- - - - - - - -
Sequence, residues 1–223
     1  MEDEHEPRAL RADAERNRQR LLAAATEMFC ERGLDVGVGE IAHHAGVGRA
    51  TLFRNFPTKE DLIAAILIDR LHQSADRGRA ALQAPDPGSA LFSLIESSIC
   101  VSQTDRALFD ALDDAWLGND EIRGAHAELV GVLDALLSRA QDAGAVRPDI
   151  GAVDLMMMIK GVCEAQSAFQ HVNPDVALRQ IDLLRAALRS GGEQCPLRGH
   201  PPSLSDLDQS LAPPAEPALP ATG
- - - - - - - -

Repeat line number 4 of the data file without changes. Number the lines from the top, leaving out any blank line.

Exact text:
   101  VSQTDRALFD ALDDAWLGND EIRGAHAELV GVLDALLSRA QDAGAVRPDI